Retail facility layout design
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Layout design problems have a long and rich past in the literature of Industrial Engineering and Operations Research (IE/OR). Traditionally, this problem is ana- lyzed in the context of manufacturing and distribution facilities, and many effective solution techniques have been developed. This dissertation focuses on the layout de- sign of a retail facility, which differs from traditional manufacturing and warehouse layout design in many ways, including its revenue-based performance measures, highly variable customer profiles and shopping behavior, and customer service considera- tions, such as expected travel distance to complete a shopping tour. Surprisingly, despite the economic impact of the retail industry and the ubiquitousness of retail facilities, the layout design of a retail facility has received almost no attention in the IE/OR literature. Although some guidelines are set by the retailing community for layout design of the retail facility, they do not provide an analytical approach for this problem. Having this motivation, we analyze the applicability of three distinct types of layouts, namely, grid, serpentine and hub-and-spoke layouts in retail facilities. We evaluate the performance of these layouts with respect to impulse purchase (unplanned purchase) revenue and customer travel distance. The results show that impulse purchase revenue and customer travel distance depend on many factors, such as the type of layout used in the retail facility, length of the shopping list of the customers, product demand rates and product location strategies. As the length of the shopping list increases, travel distance and impulse purchase revenue increase. Furthermore, if shortcuts are allowed and the product categories have different impulse purchase rates, then it is possible to increase im- pulse purchase revenue and decrease customer travel distance simultaneously in the serpentine layout. In addition, for the serpentine layout, as the variability in the average purchase revenues of product categories increases, it is possible to increase impulse purchase revenue without increasing travel distance. Another key finding is the negative effect of the uncertainty in the shopping tour of the customer on im- pulse purchase revenue. The grid layout model shows that when there are multiple shopping route alternatives that the customers can use, impulse purchase revenue decreases.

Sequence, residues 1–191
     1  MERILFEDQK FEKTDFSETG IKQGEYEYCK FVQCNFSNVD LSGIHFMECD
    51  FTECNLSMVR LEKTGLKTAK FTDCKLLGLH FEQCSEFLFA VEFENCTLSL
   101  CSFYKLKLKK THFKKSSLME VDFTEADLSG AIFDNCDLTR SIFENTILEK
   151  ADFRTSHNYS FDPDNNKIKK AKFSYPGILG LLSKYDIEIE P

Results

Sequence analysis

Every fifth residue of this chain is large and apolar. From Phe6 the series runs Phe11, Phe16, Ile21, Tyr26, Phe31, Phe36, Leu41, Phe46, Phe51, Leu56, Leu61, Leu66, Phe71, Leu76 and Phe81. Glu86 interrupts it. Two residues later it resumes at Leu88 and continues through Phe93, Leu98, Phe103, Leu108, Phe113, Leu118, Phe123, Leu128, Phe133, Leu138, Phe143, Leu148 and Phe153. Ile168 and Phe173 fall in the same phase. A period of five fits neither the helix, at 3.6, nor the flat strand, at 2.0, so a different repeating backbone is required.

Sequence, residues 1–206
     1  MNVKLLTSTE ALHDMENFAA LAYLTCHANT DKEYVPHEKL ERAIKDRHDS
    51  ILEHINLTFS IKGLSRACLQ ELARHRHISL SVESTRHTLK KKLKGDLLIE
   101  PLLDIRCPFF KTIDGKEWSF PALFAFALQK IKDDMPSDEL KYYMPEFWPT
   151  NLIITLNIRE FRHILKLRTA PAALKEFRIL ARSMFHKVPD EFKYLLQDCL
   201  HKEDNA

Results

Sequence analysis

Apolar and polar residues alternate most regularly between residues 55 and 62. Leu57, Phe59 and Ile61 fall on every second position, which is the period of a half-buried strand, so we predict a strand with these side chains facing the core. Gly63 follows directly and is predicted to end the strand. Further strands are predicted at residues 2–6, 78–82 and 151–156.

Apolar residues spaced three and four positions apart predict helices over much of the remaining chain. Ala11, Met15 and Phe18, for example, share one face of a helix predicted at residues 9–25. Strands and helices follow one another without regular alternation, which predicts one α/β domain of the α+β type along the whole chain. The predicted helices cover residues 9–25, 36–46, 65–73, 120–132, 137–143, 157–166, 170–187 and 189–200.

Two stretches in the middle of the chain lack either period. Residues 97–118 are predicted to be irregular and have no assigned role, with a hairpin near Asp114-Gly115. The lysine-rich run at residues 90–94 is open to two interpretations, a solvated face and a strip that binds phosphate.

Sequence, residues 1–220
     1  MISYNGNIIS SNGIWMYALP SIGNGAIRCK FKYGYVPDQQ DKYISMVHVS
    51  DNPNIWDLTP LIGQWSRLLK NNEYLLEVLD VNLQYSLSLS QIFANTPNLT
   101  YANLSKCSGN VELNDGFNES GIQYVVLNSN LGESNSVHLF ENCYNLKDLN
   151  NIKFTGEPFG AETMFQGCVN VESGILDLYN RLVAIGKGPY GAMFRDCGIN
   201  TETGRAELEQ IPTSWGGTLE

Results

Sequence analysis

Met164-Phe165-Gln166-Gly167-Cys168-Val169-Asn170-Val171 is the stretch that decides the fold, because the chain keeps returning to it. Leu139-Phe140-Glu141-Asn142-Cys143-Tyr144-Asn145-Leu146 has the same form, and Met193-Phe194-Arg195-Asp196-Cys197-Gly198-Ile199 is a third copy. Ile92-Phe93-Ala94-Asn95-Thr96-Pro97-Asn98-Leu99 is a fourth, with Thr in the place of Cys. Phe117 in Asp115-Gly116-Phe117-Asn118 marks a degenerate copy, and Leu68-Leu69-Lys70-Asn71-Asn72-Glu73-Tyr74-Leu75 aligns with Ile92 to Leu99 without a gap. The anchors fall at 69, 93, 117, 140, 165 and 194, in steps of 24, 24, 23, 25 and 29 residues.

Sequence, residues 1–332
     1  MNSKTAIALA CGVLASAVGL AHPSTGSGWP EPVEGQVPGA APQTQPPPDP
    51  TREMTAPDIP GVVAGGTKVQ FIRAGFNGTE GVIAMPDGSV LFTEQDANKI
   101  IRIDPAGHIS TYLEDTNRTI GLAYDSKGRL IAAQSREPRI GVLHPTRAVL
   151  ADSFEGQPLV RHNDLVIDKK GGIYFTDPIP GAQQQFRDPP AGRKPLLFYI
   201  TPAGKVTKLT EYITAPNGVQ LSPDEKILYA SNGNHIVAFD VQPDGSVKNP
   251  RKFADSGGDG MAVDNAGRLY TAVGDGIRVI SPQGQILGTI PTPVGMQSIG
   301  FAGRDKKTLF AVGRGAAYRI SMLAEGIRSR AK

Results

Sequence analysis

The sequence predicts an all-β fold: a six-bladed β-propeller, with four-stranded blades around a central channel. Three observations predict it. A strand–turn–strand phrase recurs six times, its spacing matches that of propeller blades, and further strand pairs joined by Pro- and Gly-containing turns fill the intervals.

SubjectRetail facility layout design
Botsali, Ahmet Reha 1976- (2007). Retail facility layout design. Doctoral dissertation, Texas A&M University. Available electronically from